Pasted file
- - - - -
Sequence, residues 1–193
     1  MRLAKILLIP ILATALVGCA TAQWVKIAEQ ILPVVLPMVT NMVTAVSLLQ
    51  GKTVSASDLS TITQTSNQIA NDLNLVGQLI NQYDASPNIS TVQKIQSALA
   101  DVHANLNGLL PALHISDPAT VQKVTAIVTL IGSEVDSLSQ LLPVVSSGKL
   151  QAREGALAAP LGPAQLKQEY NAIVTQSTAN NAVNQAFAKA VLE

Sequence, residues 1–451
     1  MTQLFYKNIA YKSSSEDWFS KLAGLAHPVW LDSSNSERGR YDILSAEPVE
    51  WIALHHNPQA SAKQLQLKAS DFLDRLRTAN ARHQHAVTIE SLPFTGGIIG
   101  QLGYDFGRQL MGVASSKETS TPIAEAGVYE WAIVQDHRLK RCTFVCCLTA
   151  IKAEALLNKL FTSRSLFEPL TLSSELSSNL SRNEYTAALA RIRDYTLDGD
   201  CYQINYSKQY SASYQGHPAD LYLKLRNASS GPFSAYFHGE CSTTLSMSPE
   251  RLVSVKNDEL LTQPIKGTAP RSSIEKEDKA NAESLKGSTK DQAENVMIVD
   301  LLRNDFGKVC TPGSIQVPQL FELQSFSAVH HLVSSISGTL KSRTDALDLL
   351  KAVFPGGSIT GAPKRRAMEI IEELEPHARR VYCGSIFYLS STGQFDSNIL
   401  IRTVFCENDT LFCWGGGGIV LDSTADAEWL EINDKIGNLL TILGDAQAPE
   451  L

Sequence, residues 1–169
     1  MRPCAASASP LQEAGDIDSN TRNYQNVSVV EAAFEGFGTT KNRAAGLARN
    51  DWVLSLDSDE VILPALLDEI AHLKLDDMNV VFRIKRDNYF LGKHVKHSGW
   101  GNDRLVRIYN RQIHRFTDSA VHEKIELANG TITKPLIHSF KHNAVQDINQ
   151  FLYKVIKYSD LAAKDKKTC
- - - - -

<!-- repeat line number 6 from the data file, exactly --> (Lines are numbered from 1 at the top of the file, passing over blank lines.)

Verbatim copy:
Sequence, residues 1–451